Kansas tax revenue surpasses first quarter estimate by $108 million

    Gov. Laura Kelly said the $108 million in unexpected state tax revenue during the first quarter of the current fiscal year doesn't alleviate the need to be frugal in anticipation of future budget problems exacerbated by COVID-19. (Sherman Smith/Kansas Reflector)
    Gov. Laura Kelly said the $108 million in unexpected state tax revenue during the first quarter of the current fiscal year doesn't alleviate the need to be frugal in anticipation of future budget problems exacerbated by COVID-19. (Sherman Smith/Kansas Reflector)

    TOPEKA — The state of Kansas collected $108 million more in tax revenue than anticipated in the first quarter of the current fiscal year, officials said Thursday.

    Gov. Laura Kelly said the three-month accumulation of cash shouldn’t divert attention from the need to be financially frugal. She said concern persists about estimates of future revenue shortfalls and unpredictability of the COVID-19 pandemic.

    “We must remain committed to fiscal steadiness, public health and support our core services like education, infrastructure and economic development, which will enable Kansas to remain on the path to recovery,” Kelly said.

    The Kansas Department of Revenue took in $108.4 million more in July, August and September than predicted by members of the Consensus Revenue Estimating Group. These analysts, economists and others are responsible for outlining economic trends relied upon by the governor and Legislature when revising the state budget and developing plans for the upcoming fiscal year.

    Overall, Kansas has taken in $2.3 billion in taxes during the fiscal year. That’s $515 million, or 29%, more than in the first quarter of last fiscal year. The surge is due primarily to a COVID-19 decision to extend the 2019 state income tax filing deadline to July 15 — two weeks into the current fiscal year. That led to unusual inflation of revenue on the current fiscal year’s ledger.

    In September, the state collected $728 million in taxes to surpass the monthly target estimate by $72 million. Last fiscal year, Kansas took in $15 million more in tax revenue during the month of September.

    Retail sales tax collections in Kansas during September were $2.4 million, or 1.2%, less than projected at $195 million. Kansas officials speculated it might be attributable to the delayed start of K-12 public schools. However, the state’s haul from the compensating use tax applied to merchandise purchased from other states surpassed the goal by 34% to reach $45 million for the month.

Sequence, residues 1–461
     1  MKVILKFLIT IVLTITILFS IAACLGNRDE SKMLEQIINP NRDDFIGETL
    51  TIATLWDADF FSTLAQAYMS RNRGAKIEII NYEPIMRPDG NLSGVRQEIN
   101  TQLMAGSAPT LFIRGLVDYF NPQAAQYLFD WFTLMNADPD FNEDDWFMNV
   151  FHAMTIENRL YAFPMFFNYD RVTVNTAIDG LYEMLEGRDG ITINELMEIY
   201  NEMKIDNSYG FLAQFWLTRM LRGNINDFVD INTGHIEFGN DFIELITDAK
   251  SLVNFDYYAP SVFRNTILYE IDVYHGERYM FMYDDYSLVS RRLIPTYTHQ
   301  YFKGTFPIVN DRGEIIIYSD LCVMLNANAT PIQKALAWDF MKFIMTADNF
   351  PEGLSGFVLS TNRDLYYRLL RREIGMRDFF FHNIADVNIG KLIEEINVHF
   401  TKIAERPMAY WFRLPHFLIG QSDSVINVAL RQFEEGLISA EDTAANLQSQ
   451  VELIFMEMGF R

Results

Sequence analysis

“The impact that the pandemic will have on the economy during the fall and winter months is uncertain at best,” said Mark Burghart, secretary at the state Department of Revenue. “That same uncertainty carries over to the anticipated sales and use tax receipts associated with purchases that will be made during the upcoming holiday season.”

    Kansas individual income tax and corporate income tax collections during September performed better than expected. There was a 7% increase in individual income tax revenue, with the additional $23 million pushing the monthly total to $358 million. Corporate income tax collections were $89 million, an increase of $29 million or 49%, above the estimate.

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    Tim Carpenter
    Tim Carpenter has reported on Kansas for 35 years. He covered the Capitol for 16 years at the Topeka Capital-Journal and previously worked for the Lawrence Journal-World and United Press International. He has been recognized for investigative reporting on Kansas government and politics. He won the Kansas Press Association's Victor Murdock Award six times. The William Allen White Foundation honored him four times with its Burton Marvin News Enterprise Award. The Kansas City Press Club twice presented him its Journalist of the Year Award and more recently its Lifetime Achievement Award. He earned an agriculture degree at Kansas State University and grew up on a small dairy and beef cattle farm in Missouri. He is an amateur woodworker and drives Studebaker cars.